'Parliament may by law formulate principles for determining when a sale or purchase of goods takes place in the course of inter-State trade or commerce.'
4. The effect to these amendments made by the Constitution (Sixth Amendment) Act, 1956, was to invest the Parliament with exclusive authority to enact laws imposing tax on sale or purchase of goods where such sales or purchase taken place in the course of inter-State trade or commerce, and the tax collected by the States was to be assigned in the manner provided by clause of article 269 to the States within which the tax was leviable.
5. In exercise of authority conferred upon the Parliament by article 286 and article 269, clause 3, Parliament enacted the Central Sales Tax Act (74 of 1956). By Chapter 3 of the Act, detailed provisions were made for imposing liability to pay tax on inter-State sales, for registration of dealers, fixing rates of tax and for levy and collection of tax and for imposing penalties for breach of the provisions of the Act relating to levy and collection of inter-State sales tax. By sec. 5, every dealer was made liable to pay tax on all sales effected by him in the course of inter-State trade or commerce. The material part of sec. 8 provides;
'8(1) Every dealer, who in the course of inter-State trade or commerce -
(a) sells to the Government any goods; or
(b) sells to a registered dealer other than the Government goods of the description referred to in sub-section;
shall be liable to pay tax under this Act, which shall be three per cent of his turnover.
(2) The tax payable by any dealer on his turnover in so far as the turnover or any part thereof relates to the sale of goods in the course of inter-State trade or commerce not falling within sub-section -
(a) in the case of declared goods, shall be calculated at the rate applicable to the sale or purchase of such goods inside the appropriate State; and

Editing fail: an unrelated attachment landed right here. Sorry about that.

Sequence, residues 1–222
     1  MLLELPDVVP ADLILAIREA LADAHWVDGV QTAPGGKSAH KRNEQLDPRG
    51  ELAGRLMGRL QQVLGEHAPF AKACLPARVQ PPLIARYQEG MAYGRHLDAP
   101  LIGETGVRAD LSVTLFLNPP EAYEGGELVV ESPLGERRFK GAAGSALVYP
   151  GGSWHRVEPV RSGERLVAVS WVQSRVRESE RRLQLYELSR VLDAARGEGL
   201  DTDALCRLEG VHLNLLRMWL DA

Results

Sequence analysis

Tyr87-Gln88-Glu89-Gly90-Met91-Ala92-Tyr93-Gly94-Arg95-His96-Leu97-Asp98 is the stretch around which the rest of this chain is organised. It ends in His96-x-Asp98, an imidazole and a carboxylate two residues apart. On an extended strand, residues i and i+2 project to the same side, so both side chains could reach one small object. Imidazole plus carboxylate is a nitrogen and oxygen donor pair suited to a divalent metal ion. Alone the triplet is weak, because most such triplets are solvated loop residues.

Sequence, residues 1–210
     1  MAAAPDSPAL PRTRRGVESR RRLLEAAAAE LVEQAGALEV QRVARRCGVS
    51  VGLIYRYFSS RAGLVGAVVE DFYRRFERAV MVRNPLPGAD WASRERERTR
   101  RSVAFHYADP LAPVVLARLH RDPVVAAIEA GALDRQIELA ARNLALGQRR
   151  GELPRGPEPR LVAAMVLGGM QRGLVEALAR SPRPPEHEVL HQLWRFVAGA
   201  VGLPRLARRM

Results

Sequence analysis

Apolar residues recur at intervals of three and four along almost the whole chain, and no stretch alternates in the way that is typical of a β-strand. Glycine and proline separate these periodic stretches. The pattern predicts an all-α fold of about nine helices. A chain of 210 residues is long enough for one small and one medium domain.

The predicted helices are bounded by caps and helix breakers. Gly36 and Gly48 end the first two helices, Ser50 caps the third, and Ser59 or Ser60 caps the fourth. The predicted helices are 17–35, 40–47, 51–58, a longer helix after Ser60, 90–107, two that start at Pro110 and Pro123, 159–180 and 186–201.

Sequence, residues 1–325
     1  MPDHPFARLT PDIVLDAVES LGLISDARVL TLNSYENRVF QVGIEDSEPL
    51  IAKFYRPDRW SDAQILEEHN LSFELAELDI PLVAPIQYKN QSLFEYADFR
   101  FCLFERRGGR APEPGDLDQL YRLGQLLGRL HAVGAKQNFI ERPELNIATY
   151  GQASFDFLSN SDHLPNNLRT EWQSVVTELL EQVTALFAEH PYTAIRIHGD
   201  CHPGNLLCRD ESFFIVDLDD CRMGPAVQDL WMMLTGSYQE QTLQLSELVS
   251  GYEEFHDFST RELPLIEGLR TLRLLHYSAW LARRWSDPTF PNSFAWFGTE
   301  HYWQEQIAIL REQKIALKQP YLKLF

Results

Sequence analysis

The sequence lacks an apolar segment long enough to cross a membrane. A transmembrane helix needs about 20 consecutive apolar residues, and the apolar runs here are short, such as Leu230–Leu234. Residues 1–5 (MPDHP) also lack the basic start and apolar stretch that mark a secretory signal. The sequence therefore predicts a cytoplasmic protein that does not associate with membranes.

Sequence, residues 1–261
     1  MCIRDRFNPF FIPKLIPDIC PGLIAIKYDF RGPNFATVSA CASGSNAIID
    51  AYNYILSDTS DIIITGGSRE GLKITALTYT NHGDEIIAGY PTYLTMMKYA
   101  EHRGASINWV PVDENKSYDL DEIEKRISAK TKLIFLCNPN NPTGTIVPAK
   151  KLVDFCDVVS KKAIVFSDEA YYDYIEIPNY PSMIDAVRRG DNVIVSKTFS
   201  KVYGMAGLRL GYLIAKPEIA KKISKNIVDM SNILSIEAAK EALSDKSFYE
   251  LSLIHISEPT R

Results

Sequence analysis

(b) in the case of goods other than declared goods, shall be calculated at the rate of ten per cent or at the rate applicable to the sale or purchase of such goods inside the appropriate State, whichever is higher;
and for the purpose of making any such calculation any such dealer shall be deemed to be a dealer liable to pay tax under the sales tax law of the appropriate State, notwithstanding that he, in fact, may not be so liable under that law.'
6. Thus, the transactions in goods which were made subject to tax in the curse of inter-State trade or commerce fall into three broad classes : (1) transactions falling within sec. 8(1) i.e. all sales to Government and sales to a registered dealer other than the Government, of goods referred to in sub-section (3) of sec. 8(2) transactions falling within sec. 8(2)(a) i.e. sales in respect of declared goods; and transactions falling within sec. 8(2)(b) i.e. sales (not falling within in respect of goods other than declared goods. Sales of goods in category were declared exigible to a tax of 3 per cent on the turnover. On sales of declared goods, tax was to be calculated at the rate applicable to the sale or purchase of such goods inside the appropriate State. On turnover of sale of goods not falling within categories and, the rate was ten per cent or the rate applicable to the sale or purchase of such goods inside the appropriate State, whichever was higher. Article 301 provides :
'Subject to the other provisions of this Part (Part XIII), trade, commerce and intercourse throughout the territory of India shall be free.'
The freedom of trade so declared is against the imposition of barriers or obstructions within the State as well as inter-State; all restrictions which directly and immediately affect the movement of trade are declared by article 301 to be ineffective. In other words, article 301 imposes a general limitation on all legislative power in order to secure that trade, commerce and intercourse in the territory of India shall be free. That general limitation is related in favour of Parliament by article 302 which provides :
'Parliament may by law impose such restrictions on the freedom of trade, commerce or intercourse between one State and another or within any part of the territory of India as may be required in the public interest.'
In Atiabari Tea Co. Ltd. vs. The State of Assam and Others, Gajendragadkar, J. speaking for himself, Wanchoo and Das Gupta, JJ. observed :